King County voters should also start receiving voters’ pamphlets in the mail in the coming days. Voters receive a local pamphlet from the county and a state pamphlet from the Office of the Secretary of State.

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Voters can meet congressional, legislative candidates at forum

October 16, 2012

Hear from the candidates for offices in Olympia and Washington, D.C., Oct. 18 at a candidate forum cosponsored by The Issaquah Press, the American Association of University Women and the League of Women Voters.

The lineup includes candidates for the state House of Representatives and state Senate, plus Democrat Karen Porterfield, a candidate to represent Issaquah in Congress.

The forum is meant to offer voters a chance to learn about local candidates as the clock ticks down to Election Day. King County Elections is due to mail ballots to voters by Oct. 19.

Voters can join the event at 7 p.m. in the Council Chambers at Issaquah City Hall South, 135 E. Sunset Way. Or, Issaquah residents can also watch the candidate forum live on the local government access channel, ICTV Channel 21.

State audit prompts changes to city finances

October 16, 2012

State auditors chided Issaquah officials for inadequate financial oversight, but also praised the city for correcting problems, in a routine financial audit released Sept. 26.

Auditors examined municipal finances for 2011 and discovered officials lacked adequate internal controls in place to ensure accurate accounting and timely financial reporting.

The problem arose from staff turnover in key financial positions and, as a result, the city did not have sufficient controls in place and could not prepare financial statements on time.

City officials acknowledged the finding, and hired staffers for the positions affected by turnover, and changed policies to increase accountability and transparency.

The team from the state Auditor’s Office said the changes adequately addressed the concerns uncovered in the audit.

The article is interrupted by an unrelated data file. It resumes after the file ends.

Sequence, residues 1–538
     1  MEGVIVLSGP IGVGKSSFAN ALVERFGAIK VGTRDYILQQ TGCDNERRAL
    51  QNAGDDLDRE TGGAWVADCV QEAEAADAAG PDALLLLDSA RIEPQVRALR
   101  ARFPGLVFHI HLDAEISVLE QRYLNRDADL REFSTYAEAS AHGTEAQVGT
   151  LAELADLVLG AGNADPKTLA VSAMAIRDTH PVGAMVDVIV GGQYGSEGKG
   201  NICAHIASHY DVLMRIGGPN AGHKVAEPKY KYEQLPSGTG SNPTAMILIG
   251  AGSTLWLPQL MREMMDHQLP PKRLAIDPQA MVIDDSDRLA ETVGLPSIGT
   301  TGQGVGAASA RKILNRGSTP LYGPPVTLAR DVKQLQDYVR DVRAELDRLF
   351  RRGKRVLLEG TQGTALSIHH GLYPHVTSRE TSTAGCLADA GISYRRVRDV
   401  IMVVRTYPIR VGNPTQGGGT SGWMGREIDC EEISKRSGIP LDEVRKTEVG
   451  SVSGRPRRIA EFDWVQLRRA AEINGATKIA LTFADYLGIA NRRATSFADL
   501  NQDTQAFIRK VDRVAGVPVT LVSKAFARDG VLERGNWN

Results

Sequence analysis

City surveys 2,300 businesses for ideas, input

October 16, 2012

Issaquah leaders put a question to business owners in recent days: How can we help you?

Citywide, all 2,300 businesses started to receive surveys from the economic development team at City Hall last week. The effort is designed to help officials understand business leaders’ concerns and needs.

The data collected from survey responses could influence future decisions related to business regulations, incentives and more.

Not long after joining the staff at City Hall earlier this year, Economic Development Manager Andrea Lehner gathered anecdotal information from business owners from meetings and visits, but, through the process, started to crave more empirical information.

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Salmon Days Festival is packed to the gills

October 9, 2012

Unseasonably warm weather greets visitors for fun, sun

Thousands of visitors to Salmon Days fill Sunset Way on a warm and sunny Saturday to help set an attendance record for the annual two-day festival. By Greg Farrar

The calendar says it is October. The changing colors of the tree leaves suggest that autumn is in the air and the endless stream of chinook congregating at the Issaquah Salmon Hatchery definitely confirms it.

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Issaquah mayor eyes property tax hike

October 9, 2012

Issaquah homeowners can expect to pay about $5 more in property taxes next year, if City Council members adopt a 1 percent rate hike to fund long-term projects.

The property tax increase, proposed Oct. 1 by Mayor Ava Frisinger, is not expected to generate much next year. If enacted, city officials expect to raise only $69,707 — a drop in a proposed $35 million general fund budget.

The decision to raise the property tax rate by the maximum amount allowed under state law, 1 percent, is projected to cost the average homeowner $4.75 per year.